RFU Commercial Director Sophie Goldschmidt insists huge strides are being taken to increase women's share of the sport sponsorship market despite them only currently holding 0.4% of it.
A Sky Sports Survey online revealed that 37% thought governing bodies were the ones most responsible to increase sportswomen's commercial deals while 13% said it was up to the individual athletes to gain endorsement deals.
But Goldschmidt explained that there are many reasons that can be held accountable for this divide and suggested that we should see this margin decrease with the increase of media covering women sport.
"It does sound alarmingly low but what I would say is, is that huge strides are being taken and having worked in sport for over a decade I have seen huge steps being taken forward and even though the gap is getting smaller there is clearly a long way to go," Goldschmidt said.
"But a lot of sports are relatively new and not professional yet but clearly there needs to be more focus.
"I think for most companies it is about return on investment and getting real value for money so this depends on how much media coverage athletes and sports are getting, but when I look at the coverage the women are getting in rugby we've taken significant increases in the right direction."
However Goldschmidt admitted that this divide cannot be compared to sponsorship for female athletes in the USA and that many more sports need to be more proactive to gain commercial deals for their sportswomen.
The Director also stated that she thinks brands are not only offering sponsorship to female athletes who are stereotypically attractive and are instead looking at the broader credibility of the sportsperson.
"Different brands and different sports need to take a leadership role and some have been more proactive than others," Goldschmidt said.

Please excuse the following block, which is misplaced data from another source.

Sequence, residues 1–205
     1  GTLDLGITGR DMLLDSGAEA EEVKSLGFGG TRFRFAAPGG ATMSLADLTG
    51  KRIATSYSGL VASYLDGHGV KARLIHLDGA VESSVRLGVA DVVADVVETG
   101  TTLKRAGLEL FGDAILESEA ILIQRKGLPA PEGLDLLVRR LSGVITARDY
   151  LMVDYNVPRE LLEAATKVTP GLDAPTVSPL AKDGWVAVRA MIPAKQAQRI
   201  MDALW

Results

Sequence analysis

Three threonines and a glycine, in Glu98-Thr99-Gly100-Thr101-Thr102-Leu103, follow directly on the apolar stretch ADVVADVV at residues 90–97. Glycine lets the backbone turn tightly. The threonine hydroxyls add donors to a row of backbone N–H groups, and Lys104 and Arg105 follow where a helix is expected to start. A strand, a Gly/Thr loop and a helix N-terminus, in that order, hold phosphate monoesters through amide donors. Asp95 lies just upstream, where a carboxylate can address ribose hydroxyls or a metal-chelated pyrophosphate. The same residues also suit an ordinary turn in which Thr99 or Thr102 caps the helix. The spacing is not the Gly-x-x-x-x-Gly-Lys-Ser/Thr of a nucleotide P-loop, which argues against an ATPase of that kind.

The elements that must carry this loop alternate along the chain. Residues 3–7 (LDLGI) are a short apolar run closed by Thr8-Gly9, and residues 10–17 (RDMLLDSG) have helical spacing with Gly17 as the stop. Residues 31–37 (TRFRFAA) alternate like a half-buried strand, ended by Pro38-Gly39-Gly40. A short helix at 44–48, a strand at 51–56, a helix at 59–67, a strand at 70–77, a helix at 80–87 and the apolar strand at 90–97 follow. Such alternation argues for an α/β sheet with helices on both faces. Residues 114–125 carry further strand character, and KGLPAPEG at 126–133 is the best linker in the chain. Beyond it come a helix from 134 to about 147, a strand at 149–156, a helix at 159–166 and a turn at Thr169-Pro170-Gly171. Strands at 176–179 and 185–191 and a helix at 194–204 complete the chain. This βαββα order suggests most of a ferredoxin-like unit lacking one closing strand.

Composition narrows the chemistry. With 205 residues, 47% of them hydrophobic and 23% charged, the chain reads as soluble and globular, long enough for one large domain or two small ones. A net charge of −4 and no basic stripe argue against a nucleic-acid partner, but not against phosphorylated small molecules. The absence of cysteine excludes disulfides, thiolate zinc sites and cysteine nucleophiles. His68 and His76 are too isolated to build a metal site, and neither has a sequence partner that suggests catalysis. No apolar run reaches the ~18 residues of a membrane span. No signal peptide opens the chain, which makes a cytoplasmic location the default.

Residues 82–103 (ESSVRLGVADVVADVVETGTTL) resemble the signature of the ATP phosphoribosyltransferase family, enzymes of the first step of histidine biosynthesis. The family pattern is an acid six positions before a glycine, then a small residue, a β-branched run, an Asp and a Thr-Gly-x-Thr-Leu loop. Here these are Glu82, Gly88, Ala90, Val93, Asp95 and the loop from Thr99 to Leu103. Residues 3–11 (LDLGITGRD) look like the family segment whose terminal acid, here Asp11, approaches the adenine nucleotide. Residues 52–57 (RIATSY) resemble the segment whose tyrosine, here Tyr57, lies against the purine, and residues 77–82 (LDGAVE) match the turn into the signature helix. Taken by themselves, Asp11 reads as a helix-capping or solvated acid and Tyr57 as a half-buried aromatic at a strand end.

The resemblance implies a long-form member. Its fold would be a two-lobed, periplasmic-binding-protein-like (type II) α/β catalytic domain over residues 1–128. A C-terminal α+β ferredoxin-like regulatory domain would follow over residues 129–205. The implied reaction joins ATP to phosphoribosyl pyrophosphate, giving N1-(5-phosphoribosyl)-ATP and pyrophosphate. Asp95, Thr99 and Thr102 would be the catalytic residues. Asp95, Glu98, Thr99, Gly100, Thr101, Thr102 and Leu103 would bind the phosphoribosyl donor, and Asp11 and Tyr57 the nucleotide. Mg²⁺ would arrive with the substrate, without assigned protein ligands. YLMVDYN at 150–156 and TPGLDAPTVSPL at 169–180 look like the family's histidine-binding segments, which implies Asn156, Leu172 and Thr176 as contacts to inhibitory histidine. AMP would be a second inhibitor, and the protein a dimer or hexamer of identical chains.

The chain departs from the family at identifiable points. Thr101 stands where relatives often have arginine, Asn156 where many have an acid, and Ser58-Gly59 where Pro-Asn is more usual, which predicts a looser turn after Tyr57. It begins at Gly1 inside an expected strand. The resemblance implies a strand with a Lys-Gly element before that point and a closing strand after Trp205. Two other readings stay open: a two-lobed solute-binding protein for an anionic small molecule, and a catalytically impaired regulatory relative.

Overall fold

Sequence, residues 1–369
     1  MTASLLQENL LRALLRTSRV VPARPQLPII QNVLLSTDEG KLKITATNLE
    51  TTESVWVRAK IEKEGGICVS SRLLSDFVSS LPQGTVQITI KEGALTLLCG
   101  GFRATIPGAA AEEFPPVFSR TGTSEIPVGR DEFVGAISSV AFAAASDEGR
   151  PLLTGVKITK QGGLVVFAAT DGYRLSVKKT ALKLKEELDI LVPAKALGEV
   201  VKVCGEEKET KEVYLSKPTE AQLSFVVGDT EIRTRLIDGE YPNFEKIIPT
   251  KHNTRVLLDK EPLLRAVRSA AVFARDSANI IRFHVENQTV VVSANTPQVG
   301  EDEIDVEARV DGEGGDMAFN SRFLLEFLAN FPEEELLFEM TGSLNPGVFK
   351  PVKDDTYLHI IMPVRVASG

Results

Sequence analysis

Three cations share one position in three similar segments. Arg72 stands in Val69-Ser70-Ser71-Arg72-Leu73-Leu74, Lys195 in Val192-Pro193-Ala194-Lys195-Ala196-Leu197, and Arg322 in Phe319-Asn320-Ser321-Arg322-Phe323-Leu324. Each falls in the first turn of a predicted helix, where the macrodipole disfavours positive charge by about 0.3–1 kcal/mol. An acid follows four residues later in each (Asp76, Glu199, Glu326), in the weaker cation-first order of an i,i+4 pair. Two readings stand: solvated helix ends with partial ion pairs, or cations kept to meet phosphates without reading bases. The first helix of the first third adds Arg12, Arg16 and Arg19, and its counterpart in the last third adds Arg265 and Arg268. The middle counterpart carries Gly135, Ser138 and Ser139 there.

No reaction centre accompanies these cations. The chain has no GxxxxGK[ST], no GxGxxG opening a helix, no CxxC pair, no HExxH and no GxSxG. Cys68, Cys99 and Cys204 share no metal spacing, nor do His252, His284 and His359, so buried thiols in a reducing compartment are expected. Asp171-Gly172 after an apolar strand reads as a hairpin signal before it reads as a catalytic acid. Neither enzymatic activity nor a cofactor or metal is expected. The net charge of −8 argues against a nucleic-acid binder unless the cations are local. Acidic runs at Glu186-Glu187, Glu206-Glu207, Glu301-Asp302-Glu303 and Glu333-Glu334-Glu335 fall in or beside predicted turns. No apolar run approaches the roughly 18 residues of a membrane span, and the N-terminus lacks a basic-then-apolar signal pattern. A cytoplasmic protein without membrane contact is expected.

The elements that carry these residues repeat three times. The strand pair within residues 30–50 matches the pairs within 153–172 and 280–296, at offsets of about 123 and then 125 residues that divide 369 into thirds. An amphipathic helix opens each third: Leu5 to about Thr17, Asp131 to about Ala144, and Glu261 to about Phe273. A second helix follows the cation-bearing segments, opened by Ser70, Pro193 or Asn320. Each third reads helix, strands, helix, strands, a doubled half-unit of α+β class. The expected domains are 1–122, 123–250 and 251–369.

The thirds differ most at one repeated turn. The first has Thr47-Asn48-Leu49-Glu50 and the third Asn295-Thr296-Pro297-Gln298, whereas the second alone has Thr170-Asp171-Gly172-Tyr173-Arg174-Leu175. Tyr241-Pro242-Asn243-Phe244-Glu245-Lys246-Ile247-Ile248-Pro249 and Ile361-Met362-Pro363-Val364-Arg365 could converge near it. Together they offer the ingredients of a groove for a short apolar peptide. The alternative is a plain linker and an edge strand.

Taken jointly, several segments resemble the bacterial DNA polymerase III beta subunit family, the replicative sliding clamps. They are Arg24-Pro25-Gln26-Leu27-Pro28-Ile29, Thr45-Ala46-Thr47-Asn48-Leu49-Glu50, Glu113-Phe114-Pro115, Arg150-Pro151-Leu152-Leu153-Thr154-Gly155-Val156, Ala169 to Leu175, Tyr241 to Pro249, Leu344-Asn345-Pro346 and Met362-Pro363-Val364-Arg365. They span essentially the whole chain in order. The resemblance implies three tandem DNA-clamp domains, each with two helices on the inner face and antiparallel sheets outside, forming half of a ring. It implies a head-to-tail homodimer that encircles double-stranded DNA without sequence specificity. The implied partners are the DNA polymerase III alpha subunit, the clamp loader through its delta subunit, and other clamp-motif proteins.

"I think its collective responsibly. The women's RFU was integrated into the RFU last season which was a big step forward.
"The USA is very different to the UK is terms of sponsorship which is why it is quite hard to compare the two.
"They are bigger, they are a more mature market forma sports perspective and there is more money across the board. After Title Nine was introduced in the 70's this accelerated the commercial opportunities for sportswomen and it was a fundamental change.
"I think it depends what a brand is looking for to be honest and I think when you look across all sports there are some very attractive athletes that have some fantastic endorsement deals but I think it is a lot broader than that and now people are looking at the credibility of the athlete - more than just looks ."
Goldschmidt also admitted that women's rugby saw an increase in participation when England hosted the women's 2010 World Cup and were runners up to New Zealand.
However she is adamant that there are still improvements to be made and the RFU have set themselves new targets to increase the amount of women playing contact sport in the UK by 2017.
"The women have been playing fantastically well for a few years and we saw a real transition when we hosted the women's world cup in 2010 and were runners up from new Zealand and since then the women's has gone to a new level," Goldschmidt said.
"It's a real focus and a priority for the RFU and in general we want to grow rugby at all levels for both men and women so I wouldn't say that our strategy is gender specific - but we do have a real focus on certain women's initiatives and that is across all forms of rugby.
"There are some great athletes playing women's rugby and again that opens everyone's eyes to the potential that can be achieved. There are currently 15,000 women playing contact sport and we want to increase this by 10,000 before 2017.
"But sevens is now a focus as the sport is now included in the 2016 Olympics and offers a new avenue in the sport for people to get involved in."